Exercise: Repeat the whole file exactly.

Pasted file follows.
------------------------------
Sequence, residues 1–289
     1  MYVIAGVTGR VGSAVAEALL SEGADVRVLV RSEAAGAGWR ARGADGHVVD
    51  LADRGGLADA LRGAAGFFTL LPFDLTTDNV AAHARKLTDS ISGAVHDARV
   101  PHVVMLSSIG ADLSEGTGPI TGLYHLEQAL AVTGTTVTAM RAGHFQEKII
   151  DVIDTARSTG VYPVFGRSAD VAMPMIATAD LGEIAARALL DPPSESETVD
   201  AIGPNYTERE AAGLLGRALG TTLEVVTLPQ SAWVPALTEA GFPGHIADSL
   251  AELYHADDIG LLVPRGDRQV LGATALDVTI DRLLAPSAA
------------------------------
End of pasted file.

Sequence, residues 1–289
     1  MYVIAGVTGR VGSAVAEALL SEGADVRVLV RSEAAGAGWR ARGADGHVVD
    51  LADRGGLADA LRGAAGFFTL LPFDLTTDNV AAHARKLTDS ISGAVHDARV
   101  PHVVMLSSIG ADLSEGTGPI TGLYHLEQAL AVTGTTVTAM RAGHFQEKII
   151  DVIDTARSTG VYPVFGRSAD VAMPMIATAD LGEIAARALL DPPSESETVD
   201  AIGPNYTERE AAGLLGRALG TTLEVVTLPQ SAWVPALTEA GFPGHIADSL
   251  AELYHADDIG LLVPRGDRQV LGATALDVTI DRLLAPSAA